- POSTED: 15 Jan 2014 21:27
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The annual Hindu festival will attract over a million devotees and visitors from across the country and the world over the next two days.
KUALA LUMPUR: At the Sri Mahamariamman temple in the heart of Kuala Lumpur, preparations are underway for one of the nation's biggest and most colourful celebrations -- Thaipusam.
Malaysia is home to one of the world's biggest celebrations of the Hindu festival. The festival's drama and colour typically attracts more than a million devotees from across the country.
Last year, the festival attracted 1.6 million devotees and visitors from all over the world.
The celebrations kick off in Kuala Lumpur on Wednesday night and despite a tough year ahead for Malaysians with the rising cost of living, devotees won't be sparing any expense for the celebrations.
For Hindus, Thaipusam is a day of penance and thanksgiving to the Hindu god Lord Murugan, who is honoured every year with an elaborate procession beginning at the famous Sri Mahamariamman temple.
The procession, a key feature of the festival wherever it is celebrated, takes place on Friday when an eight-tonne golden statue of Lord Murugan is placed on a silver chariot for its 15-kilometre journey to Batu Caves.
Along the way, devotees will carry kavadis -- a semi-circular contraption balanced on their shoulders with spikes piercing the body -- in a form of penance.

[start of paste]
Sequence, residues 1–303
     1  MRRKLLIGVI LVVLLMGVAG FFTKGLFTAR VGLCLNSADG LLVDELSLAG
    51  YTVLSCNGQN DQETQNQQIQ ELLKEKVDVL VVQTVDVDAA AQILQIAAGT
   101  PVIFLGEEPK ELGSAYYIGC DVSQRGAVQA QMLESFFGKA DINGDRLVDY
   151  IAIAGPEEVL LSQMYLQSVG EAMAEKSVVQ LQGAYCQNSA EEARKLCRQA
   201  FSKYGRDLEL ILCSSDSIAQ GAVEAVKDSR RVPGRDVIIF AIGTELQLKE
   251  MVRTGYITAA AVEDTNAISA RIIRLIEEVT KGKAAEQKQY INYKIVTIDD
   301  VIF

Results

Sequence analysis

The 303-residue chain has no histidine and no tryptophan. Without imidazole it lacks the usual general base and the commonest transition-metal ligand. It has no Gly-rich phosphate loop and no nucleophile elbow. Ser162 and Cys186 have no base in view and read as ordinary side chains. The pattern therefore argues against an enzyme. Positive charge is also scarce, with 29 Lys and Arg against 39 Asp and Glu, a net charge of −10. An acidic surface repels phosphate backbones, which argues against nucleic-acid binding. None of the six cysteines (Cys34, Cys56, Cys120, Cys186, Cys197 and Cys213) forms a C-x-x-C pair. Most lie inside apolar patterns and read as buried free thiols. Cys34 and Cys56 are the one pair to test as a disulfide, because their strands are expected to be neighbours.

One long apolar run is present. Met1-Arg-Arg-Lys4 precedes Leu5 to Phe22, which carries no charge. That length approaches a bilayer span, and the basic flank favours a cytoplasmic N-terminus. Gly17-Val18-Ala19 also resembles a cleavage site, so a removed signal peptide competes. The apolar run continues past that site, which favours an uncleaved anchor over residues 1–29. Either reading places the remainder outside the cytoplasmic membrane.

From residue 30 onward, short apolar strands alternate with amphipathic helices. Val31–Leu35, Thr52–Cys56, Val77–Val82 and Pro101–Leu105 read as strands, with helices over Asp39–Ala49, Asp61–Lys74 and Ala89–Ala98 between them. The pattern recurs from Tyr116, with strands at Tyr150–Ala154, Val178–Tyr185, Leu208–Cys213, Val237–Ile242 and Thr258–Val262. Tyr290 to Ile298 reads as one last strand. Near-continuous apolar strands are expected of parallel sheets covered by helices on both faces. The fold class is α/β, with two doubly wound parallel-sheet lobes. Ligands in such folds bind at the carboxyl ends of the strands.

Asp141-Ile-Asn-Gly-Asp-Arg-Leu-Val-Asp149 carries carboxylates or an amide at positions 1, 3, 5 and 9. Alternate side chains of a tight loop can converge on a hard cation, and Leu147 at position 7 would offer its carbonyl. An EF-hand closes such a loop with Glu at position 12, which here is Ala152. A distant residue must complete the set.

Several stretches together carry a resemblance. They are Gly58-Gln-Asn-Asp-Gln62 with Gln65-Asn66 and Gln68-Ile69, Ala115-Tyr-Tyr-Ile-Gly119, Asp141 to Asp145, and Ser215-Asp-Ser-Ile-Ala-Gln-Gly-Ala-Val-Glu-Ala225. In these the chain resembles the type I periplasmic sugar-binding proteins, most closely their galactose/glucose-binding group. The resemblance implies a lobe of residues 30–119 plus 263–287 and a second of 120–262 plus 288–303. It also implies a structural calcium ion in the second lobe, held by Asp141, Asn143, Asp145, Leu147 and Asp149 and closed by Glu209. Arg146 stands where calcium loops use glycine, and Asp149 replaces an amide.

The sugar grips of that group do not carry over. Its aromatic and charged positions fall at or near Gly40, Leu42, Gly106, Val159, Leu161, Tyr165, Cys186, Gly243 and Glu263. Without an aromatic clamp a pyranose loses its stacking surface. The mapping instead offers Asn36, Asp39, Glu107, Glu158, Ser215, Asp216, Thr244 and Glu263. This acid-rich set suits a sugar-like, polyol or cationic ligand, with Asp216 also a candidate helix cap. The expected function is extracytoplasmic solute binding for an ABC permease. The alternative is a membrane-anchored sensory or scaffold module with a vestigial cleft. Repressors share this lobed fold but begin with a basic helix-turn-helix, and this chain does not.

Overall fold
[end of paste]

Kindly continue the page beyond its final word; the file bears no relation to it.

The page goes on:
A world-renowned tourist destination, Batu Caves has been the focal point of Thaipusam celebrations in the country for the past 120 years. There is a 42-metre statue of Lord Murugan at its entrance, and the complex has three caves with Hindu shrines and temples.
"We're expecting about two million people in Batu Caves,” said Balasubramaniam Parmanathan, a temple volunteer. “It's not only celebrated in Batu Caves, but throughout most Malaysian states -- particularly in Penang, Ipoh and Johor."
There are claims that Malaysia's Thaipusam celebrations are even more spectacular than the ones in India -- and that's a reputation devotees plan on upholding despite the increasingly difficult economic climate in the country.
Most of the faithful preparing for the festival had no qualms about having to fork out that little extra. "Just once a year, I think it's ok -- if it's spent for God," said a Kuala Lumpur resident ahead of the festivities.
"Doesn't matter, what to do... We only need rice, sugar, bananas (for Thaipusam),” said another would-be devotee.
Meanwhile, the Malaysian government wants to initiate some changes this year after volunteers were left to clean up 3,000 tonnes of rubbish after last year's festival.
In a nod to environmental awareness, polystyrene is banned at this year's celebrations and devotees are being urged to recycle the remains of the coconuts they break during rituals.